Clearly, the culture war is not over

By Amanda Marcotte
Wednesday, August 12, 2009 22:29 EDT
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From Jessica comes the news that not only do 70% of Americans think that women should take their husband’s name, 50% of them said, “Yeah, sure” if asked if it should be legally required. It gets worse!

What’s really distressing about this news – Laura Hamilton, the study’s lead author says that when respondents were asked why they thought women should change their last names, “they told us that women should lose their own identity when they marry and become a part of the man and his family.”

Jessica and I talked a little about this, and I expressed hope that this was one of those situations where people automatically think that hyper-patriarchal bullshit is more right or moral, but if you pressed them on it, they’d start to see how they’re being dicks, or at least make exceptions. Would the 50% who want it to be a legal requirement say that if you gave them this scenario: Say your daughter becomes a famous writer at the age of 25. Two years later, she decides to marry her long term boyfriend. If she changes her name, she would have trouble re-establishing her career because everyone knew her under her old name. To preserve her career, she should have the right to retain her name?

I suspect that you’d see a different answer. People are happy to sign onto vicious sexism if it seems abstract, but if faced with particulars, they tend to sing a different tune. You see this with abortion. A lot of people who call themselves “pro-life” don’t support abortion bans. And of those who do, if you press them and ask them how much time a woman should do for getting an abortion, they start to dissemble. Sexism is sold as “family values” in our culture, and so people don’t really think too much about the ramifications if not pressed.

That said…..

What the fuck is wrong with people?! Surveys like this—or the one that showed how popular the birther conspiracy theory is, especially in the South—demonstrate that, despite our fondest hopes about the meaning of the Obama election, the culture war isn’t going away and is quite likely entrenched until many of the nastiest cultural conservatives, who are admittedly much older than the average population, die off. We’re seeing the same situation with these angry town hall mobs. The illusion that the country has really moved into the 21st century has been exposed as only half true. Half of us have. Another percentage is on the fence. And another wants the return of segregation and formal discrimination against women.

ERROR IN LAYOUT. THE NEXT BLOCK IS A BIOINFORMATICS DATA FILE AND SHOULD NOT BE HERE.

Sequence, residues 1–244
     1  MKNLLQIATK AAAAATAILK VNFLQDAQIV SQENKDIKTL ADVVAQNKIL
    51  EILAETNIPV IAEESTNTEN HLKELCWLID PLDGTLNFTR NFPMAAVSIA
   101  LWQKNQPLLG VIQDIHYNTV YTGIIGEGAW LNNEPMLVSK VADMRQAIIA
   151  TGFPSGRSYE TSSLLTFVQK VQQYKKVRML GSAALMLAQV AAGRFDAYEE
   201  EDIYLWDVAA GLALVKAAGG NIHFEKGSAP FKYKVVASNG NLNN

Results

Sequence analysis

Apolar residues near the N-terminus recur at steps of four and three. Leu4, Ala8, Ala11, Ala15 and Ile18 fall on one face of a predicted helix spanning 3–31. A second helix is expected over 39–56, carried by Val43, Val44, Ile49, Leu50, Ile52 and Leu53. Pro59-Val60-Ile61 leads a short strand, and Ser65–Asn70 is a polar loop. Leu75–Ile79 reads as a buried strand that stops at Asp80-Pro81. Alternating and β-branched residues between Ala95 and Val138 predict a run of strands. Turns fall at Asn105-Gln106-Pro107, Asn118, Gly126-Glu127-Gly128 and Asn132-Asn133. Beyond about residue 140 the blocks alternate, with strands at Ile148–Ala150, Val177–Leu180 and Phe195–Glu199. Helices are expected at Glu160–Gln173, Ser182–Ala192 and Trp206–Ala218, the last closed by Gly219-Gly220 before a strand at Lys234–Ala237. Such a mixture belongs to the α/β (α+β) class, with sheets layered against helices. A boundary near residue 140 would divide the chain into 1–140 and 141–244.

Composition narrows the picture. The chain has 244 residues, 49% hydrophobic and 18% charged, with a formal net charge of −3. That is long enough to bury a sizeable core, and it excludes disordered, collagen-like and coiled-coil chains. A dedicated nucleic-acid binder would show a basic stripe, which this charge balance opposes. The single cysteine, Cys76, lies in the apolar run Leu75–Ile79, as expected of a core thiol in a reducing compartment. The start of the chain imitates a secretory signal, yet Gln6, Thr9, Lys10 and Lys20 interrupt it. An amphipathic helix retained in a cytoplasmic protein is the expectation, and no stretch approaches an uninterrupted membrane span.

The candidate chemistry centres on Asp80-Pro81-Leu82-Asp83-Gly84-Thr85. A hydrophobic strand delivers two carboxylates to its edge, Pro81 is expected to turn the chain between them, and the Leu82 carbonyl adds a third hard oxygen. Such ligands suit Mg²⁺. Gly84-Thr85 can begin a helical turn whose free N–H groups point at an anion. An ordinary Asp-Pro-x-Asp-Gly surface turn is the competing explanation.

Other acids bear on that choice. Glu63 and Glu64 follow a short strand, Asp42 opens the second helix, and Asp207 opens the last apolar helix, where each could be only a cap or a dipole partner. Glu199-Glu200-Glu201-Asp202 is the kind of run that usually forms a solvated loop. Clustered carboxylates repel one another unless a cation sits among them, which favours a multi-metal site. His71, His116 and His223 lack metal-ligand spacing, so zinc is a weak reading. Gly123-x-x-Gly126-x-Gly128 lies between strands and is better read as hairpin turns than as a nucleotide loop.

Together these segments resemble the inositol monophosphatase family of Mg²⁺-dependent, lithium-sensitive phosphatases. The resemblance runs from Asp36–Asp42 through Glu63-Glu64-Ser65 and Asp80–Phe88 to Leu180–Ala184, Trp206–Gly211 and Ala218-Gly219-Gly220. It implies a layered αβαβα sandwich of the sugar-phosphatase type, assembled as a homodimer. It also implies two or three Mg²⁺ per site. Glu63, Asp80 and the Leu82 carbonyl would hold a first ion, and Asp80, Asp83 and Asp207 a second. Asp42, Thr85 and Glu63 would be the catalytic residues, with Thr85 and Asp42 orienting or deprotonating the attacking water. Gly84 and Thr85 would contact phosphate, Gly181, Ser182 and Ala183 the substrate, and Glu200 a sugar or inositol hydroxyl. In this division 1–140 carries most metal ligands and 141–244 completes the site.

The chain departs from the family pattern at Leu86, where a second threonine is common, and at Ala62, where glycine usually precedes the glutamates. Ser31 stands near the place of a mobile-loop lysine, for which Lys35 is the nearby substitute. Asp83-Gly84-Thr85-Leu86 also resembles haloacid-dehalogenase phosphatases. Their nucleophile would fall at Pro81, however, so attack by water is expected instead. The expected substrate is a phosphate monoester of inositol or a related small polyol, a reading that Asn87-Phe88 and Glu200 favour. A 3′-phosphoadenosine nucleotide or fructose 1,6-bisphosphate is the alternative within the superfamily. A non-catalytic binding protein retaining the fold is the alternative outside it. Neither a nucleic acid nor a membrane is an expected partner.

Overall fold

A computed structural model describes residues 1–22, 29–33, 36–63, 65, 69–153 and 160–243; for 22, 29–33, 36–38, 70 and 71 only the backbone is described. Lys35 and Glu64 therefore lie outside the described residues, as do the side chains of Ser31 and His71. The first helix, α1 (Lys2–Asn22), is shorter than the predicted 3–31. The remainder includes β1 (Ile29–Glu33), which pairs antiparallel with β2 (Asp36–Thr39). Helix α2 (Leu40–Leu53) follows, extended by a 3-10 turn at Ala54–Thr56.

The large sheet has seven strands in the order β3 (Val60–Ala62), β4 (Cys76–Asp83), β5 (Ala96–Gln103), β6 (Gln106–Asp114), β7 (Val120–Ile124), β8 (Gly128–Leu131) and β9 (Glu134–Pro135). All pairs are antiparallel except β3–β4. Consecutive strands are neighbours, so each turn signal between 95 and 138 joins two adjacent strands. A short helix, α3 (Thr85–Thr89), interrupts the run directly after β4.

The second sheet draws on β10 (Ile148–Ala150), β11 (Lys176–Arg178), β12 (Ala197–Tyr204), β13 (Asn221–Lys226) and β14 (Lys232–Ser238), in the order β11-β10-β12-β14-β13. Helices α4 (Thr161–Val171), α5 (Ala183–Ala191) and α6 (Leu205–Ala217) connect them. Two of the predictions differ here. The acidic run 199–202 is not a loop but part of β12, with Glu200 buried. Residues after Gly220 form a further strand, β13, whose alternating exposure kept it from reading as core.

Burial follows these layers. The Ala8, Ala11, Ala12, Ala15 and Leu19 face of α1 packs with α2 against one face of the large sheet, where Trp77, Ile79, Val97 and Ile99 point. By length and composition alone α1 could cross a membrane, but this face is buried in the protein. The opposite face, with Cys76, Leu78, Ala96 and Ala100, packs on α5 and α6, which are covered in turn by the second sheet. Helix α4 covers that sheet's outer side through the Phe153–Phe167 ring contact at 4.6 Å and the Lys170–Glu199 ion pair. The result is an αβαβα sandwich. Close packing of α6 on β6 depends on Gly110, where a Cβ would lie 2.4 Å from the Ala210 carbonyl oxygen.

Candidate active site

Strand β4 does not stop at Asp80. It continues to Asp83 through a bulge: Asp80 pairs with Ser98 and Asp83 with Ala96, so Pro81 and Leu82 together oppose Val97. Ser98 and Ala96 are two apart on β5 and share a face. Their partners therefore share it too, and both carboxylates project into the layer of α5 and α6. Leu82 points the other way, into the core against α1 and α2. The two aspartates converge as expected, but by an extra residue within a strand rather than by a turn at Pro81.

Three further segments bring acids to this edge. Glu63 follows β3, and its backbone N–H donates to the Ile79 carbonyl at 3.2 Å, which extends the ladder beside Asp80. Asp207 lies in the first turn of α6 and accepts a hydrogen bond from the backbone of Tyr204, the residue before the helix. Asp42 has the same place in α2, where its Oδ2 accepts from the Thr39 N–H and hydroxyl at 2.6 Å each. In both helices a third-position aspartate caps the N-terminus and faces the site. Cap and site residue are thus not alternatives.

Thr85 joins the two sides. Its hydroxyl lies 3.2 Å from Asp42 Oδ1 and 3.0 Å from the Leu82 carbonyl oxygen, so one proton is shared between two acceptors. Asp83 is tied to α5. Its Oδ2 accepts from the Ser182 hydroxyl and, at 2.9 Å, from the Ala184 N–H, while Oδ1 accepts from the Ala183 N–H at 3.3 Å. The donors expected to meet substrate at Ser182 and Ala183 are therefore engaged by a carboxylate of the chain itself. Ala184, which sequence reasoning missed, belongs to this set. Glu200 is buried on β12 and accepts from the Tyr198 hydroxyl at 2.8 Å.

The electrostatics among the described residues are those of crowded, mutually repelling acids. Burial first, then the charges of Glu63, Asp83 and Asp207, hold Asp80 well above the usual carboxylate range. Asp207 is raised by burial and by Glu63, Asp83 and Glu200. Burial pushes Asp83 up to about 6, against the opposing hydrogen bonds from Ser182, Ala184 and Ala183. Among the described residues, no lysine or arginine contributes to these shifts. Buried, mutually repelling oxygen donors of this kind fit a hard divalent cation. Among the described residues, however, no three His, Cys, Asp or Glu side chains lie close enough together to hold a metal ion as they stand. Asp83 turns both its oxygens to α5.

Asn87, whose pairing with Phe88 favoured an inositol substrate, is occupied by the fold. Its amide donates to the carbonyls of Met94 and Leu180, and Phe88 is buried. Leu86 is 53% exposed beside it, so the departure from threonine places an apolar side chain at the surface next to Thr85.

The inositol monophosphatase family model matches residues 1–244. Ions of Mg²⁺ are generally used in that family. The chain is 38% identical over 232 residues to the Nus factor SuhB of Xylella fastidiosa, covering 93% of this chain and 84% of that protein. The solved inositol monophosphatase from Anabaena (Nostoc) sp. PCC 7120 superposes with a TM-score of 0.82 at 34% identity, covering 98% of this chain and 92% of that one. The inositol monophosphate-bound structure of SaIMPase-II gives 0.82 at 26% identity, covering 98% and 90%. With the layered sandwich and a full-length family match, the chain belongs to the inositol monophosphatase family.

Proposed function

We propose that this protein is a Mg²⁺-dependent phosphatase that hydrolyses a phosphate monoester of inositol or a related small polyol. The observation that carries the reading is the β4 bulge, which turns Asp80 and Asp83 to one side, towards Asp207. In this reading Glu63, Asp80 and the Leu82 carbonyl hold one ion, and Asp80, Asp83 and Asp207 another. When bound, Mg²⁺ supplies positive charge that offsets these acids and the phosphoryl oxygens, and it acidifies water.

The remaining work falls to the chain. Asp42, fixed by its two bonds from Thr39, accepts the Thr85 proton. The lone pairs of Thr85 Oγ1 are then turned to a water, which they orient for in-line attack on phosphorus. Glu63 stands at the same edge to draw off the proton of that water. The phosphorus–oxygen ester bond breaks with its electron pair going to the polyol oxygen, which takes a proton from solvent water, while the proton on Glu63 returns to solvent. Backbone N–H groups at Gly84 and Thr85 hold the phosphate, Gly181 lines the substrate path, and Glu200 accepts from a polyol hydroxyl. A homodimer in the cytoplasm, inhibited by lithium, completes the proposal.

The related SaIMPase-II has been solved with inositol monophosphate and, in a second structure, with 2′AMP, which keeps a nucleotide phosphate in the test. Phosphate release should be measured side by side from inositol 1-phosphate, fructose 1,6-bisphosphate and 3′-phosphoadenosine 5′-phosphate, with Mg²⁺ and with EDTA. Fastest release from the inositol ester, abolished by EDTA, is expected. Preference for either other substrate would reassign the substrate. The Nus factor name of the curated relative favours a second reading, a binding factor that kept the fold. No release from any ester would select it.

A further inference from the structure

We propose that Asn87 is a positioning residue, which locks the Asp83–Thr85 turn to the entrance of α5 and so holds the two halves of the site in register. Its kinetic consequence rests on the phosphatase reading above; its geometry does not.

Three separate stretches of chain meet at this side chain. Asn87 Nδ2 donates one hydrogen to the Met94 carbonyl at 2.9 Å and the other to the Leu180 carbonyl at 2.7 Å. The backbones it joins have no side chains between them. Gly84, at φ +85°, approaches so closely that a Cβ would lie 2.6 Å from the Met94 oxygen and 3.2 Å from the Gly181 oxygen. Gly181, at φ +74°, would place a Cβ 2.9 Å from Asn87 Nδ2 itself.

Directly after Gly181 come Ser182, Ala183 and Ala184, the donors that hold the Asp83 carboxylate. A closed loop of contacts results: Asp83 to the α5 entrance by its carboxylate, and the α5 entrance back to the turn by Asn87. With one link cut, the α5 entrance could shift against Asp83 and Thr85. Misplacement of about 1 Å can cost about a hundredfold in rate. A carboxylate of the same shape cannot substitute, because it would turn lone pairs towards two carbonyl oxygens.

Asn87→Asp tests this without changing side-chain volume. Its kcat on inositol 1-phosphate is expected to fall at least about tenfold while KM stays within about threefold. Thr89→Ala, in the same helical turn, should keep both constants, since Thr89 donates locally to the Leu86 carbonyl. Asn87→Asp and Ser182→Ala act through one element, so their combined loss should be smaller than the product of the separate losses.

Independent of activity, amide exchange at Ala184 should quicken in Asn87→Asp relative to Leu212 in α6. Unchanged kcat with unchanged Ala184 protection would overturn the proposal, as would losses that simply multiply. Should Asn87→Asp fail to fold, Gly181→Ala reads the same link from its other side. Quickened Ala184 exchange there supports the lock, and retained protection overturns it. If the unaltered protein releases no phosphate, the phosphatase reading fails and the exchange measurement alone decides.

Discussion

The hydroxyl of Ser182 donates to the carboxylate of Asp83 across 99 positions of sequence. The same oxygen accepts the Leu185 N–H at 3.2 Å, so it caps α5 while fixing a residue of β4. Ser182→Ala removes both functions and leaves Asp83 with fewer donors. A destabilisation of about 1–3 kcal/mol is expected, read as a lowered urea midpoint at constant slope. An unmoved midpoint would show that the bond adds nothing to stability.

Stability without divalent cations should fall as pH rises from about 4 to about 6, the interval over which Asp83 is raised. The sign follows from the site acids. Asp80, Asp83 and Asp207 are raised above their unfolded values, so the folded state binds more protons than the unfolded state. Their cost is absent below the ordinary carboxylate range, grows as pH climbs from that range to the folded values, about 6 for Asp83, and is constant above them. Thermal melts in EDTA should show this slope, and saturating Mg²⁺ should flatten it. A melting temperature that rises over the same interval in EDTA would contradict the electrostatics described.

It makes a rough sort of sense. There’s been a lot of social change in the past half century plus some change, which sounds like a long time to young people, but in actuality, it’s less time than the average human lifetime. Forgetting about breaking the transmission of “values” (if you can call racism and sexism values) between one generation to the next, which is in and of itself a difficult task. We’ve asked people to go through a lot of personal change in order to keep up with the times. Some of us are just fine. We didn’t like those other values and rejected them, or we were raised by people who didn’t like those old values. Some of us are basically pushed to reject those values because we’re not white or not straight or not a submissive woman, and our self-esteem depends on rejecting those values. We moved to places where the new values are the norm and we adapted.

Obviously, though, the change hasn’t penetrated some places of the country much at all. That’s why you see such geographic differences in polling data. The South particularly creates this conform-or-flee environment with regards to enforcing a white supremacist patriarchy. But other people just retreat into their homes, or their increasingly wacky religious beliefs. And now we have this situation where all these factions really are hardened. Half the country thinks that a woman should be required to change her name, and meanwhile, half the women in my peer group that I know who are married didn’t even consider it. Obviously, for sanity’s sake, as well as for common sense’s, we can’t just say people need to mix it up more and this polarization will stop. Maybe all we can do is weather the storm, and believe that this social conservatism is dying out, and just making a lot of fuss as it goes.

Amanda Marcotte
Amanda Marcotte
Amanda Marcotte is a freelance journalist born and bred in Texas, but now living in the writer reserve of Brooklyn. She focuses on feminism, national politics, and pop culture, with the order shifting depending on her mood and the state of the nation.
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